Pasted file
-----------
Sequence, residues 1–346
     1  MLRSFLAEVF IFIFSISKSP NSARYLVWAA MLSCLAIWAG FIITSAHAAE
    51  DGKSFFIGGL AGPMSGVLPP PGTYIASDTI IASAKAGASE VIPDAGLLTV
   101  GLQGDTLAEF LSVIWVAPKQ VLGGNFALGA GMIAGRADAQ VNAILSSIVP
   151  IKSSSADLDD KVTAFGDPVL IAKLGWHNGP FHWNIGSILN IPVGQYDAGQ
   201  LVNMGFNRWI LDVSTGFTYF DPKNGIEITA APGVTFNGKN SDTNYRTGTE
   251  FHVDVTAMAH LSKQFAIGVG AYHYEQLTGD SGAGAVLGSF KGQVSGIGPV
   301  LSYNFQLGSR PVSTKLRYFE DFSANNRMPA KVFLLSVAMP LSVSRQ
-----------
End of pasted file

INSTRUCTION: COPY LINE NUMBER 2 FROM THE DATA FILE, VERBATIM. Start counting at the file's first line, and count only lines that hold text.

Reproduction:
     1  MLRSFLAEVF IFIFSISKSP NSARYLVWAA MLSCLAIWAG FIITSAHAAE